20,000 H-1B Work Visas Continue to Be Available

Published: August 15, 2009

With the federal government’s new fiscal year starting on October 1, many in our business and foreign worker communities will be surprised to learn that 20,000 H-1B, temporary work visas continue to be available. In recent years, by the end of the first week of April (when petitions for the coming fiscal year are first accepted), enough filings were received by Citizenship and Immigration Services to exhaust the reduced supply of 65,000 visas (excluding the 20,000 available to those receiving advanced degrees in the US). Now, we are more than four months into the acceptance period for H-1B filings for the upcoming fiscal year, and one third of the supply remains. Clearly the economy is the biggest factor in the reduced demand, but the extent of the diminished demand is surprising to everyone.

So, for those companies and foreign workers who might be interested in starting a relatively straight forward process of facilitating the issuance of an H-1B visa, here are the essentials:

Employer as Petitioner: We start with a job offer. It can be full-time or part-time, and the wage offered has to be at least as high as the “prevailing wage” for the occupation in the geographical location at issue. The company can be big or small, old or new, but the level of scrutiny over the petition will increase the smaller or newer the company. CIS (Citizenship and Immigration Services) likes to have answers to the following: does this company truly have the cash flow to meet the prospective financial obligation to hire this new worker? Does this company truly have a position open in the subject occupation, or is this petition just a way to facilitate the entry of a worker who will join the company in a clerical or ANY role?

Type of Job: In general, it must be a position that typically requires the worker to have completed a university education. So no matter the qualifications of the prospective worker, the employer will have to document that the position at issue is for a “specialty” or “professional” occupation, and not one that merely can be filled by someone with less than a university degree.

H-1B occupations that have been the subject of recently approved petitions filed by my office include: Accountant, IT Manager, Systems Analyst/Software Engineer/Programmer, Engineer – various subspecialties, Physician, Teacher, Scientific Researcher, Physical Therapist, Medical Technologist, Occupational Therapist, , Rehabilitation Coordinator, Director of Nursing, Quality Assurance Manager, Operations Manager, Financial Analyst, Marketing Manager, Forensic Consultant, Lawyer, Media Manager, Marketing Manager, Graphic Designer, Architect.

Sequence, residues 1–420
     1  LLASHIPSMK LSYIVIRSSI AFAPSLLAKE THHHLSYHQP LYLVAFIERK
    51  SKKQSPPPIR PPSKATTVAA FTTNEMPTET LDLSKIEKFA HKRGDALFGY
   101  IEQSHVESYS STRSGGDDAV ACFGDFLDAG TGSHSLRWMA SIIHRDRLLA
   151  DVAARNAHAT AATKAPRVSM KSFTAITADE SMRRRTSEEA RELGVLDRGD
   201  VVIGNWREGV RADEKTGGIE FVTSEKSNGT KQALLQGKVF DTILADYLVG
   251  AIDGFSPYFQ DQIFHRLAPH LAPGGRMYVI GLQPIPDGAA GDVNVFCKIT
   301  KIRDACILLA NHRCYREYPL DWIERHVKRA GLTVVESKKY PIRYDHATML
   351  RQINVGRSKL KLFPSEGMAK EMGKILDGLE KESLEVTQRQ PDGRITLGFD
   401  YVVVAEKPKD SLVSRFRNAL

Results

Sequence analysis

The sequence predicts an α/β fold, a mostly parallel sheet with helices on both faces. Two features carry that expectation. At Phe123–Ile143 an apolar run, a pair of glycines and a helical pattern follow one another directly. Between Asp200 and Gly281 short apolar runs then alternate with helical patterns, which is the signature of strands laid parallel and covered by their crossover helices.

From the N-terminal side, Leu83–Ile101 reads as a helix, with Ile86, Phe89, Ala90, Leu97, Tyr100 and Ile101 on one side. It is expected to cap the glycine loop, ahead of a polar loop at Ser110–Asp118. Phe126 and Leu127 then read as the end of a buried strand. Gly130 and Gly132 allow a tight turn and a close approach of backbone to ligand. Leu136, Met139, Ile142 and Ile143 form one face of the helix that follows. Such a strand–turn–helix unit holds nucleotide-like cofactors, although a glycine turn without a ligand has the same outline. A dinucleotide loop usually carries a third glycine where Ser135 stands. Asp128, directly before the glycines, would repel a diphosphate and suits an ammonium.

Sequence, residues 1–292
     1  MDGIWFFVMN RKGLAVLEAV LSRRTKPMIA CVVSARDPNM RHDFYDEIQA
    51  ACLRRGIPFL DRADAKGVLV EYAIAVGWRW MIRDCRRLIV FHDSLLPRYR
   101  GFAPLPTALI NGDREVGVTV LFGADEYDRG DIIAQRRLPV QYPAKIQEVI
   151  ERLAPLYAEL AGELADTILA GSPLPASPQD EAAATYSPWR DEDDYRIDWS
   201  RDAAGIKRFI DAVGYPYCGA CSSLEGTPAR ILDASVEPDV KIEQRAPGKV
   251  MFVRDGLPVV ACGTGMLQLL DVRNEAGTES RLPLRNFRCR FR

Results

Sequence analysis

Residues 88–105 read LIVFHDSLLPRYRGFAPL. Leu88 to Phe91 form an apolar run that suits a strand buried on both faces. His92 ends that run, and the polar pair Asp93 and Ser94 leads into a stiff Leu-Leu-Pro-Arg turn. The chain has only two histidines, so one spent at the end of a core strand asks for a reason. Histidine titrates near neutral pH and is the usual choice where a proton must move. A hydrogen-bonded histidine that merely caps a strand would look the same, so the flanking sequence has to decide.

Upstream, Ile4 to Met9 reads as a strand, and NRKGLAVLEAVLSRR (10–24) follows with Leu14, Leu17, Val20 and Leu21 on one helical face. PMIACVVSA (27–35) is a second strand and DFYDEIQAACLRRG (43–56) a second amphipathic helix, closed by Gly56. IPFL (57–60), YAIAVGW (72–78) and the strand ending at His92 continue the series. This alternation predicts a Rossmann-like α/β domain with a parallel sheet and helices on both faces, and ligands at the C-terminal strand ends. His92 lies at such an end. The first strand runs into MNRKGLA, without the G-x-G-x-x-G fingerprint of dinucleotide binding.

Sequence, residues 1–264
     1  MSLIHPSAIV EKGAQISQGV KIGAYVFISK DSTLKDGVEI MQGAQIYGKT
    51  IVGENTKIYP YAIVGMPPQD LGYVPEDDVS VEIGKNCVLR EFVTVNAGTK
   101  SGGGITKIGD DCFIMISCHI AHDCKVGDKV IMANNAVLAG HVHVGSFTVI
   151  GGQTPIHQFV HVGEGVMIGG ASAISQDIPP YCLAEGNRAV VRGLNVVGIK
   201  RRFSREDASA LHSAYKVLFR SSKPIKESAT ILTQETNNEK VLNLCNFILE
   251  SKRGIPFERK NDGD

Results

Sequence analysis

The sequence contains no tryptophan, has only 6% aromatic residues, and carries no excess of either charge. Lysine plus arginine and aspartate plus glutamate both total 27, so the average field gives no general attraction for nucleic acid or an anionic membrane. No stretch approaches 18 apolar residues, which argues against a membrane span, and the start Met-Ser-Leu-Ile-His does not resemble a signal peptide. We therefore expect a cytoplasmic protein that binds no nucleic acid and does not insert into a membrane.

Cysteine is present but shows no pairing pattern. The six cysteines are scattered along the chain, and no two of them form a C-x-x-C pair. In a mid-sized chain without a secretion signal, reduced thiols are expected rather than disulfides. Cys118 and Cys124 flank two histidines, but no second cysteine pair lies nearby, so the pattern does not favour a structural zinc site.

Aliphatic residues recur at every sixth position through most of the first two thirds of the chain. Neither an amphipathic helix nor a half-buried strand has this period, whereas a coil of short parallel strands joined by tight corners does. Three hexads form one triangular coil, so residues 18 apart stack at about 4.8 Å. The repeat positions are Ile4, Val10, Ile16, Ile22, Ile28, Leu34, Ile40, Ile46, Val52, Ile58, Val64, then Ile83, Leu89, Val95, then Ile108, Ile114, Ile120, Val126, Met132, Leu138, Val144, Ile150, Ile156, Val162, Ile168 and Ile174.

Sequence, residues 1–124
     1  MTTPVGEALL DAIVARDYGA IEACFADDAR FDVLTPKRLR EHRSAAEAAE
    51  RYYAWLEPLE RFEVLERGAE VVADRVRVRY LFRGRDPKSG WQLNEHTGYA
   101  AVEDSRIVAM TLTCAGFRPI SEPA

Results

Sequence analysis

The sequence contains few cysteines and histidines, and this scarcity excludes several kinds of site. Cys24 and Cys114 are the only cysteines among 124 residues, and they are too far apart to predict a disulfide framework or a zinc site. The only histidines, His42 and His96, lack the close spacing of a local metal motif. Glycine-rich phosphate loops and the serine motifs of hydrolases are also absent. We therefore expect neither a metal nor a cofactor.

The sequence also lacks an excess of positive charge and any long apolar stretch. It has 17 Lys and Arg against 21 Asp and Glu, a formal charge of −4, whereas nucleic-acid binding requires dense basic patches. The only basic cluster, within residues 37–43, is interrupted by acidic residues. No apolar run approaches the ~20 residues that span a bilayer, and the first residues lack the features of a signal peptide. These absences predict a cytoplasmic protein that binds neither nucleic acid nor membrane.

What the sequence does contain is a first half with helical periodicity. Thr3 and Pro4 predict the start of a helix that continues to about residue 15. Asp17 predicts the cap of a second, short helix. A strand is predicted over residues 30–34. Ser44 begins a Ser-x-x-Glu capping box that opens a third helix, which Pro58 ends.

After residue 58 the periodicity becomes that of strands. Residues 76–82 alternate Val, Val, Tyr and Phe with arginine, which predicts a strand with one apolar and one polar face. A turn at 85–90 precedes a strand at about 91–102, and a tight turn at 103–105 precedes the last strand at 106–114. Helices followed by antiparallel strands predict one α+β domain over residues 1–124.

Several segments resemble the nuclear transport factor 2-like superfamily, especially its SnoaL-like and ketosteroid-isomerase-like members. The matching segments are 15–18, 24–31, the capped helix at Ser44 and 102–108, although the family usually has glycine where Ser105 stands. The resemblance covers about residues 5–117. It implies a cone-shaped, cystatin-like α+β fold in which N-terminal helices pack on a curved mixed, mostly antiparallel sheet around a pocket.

The initial period of admission is usually for three years, and extendable for an additional three years, for a total of six years. The 6-year period will be more than sufficient for the permanent resident (Green Card) process to be completed, if the parties are interested.

The Employee’s Qualifications: In most cases the prospective worker must present evidence that he/she received a university degree and that the degree is the equivalent of a 4-year university degree in the U.S., as reflected in an equivalency report issued by a respected evaluation company. The worker usually is required to document that their degree’s concentration or major relates to the position being offered, although sometimes the lack of formal coursework can be supplemented with documentation confirming extensive experience in the field at issue.

In some cases a prospective worker who has not completed their degree at all may be able to demonstrate that they have attained the equivalence of a university degree by supplementing their lack of formal education with documentation confirming extensive progressive experience in the profession at issue.

Other Requirements: Petitioning employers are subject to a variety of other simple obligations such as posting notices at the work site location that an H-1B petition was filed, maintaining a special H-1B personnel file in compliance with straightforward immigration and labor regulations and promising to pay the employee’s travel costs to return home if the job does not work out. Some of the positions that are subject to state licensure requirements (e.g. Physical Therapist, Physicians, Architect) may be subject to additional hurdles in the process, but by no means are such hurdles insurmountable for purposes of facilitating issuance of the H-1B.

Processing time: If “Premium Processing” can be afforded for an extra $1,000, CIS may issue a decision on the petition in less than two weeks. Otherwise, processing time is usually 60 to 90 days.

What is not required: The H-1B petition is not viewed as a contract, with the employment at issue being “at will”. Employers are not required to document the unavailability of U.S. workers, such as by having to advertise the position or otherwise extend recruitment efforts to find U.S. workers.

How quickly the 20,000 allotment will be consumed is anyone’s guess. What is certain though, is that the process allows interested employers and qualified foreign workers to facilitate work visa issuance in a fairly uncomplicated, straight-forward manner.

Copyright © 2009, By Law Offices of Richard Hanus, Chicago, Illinois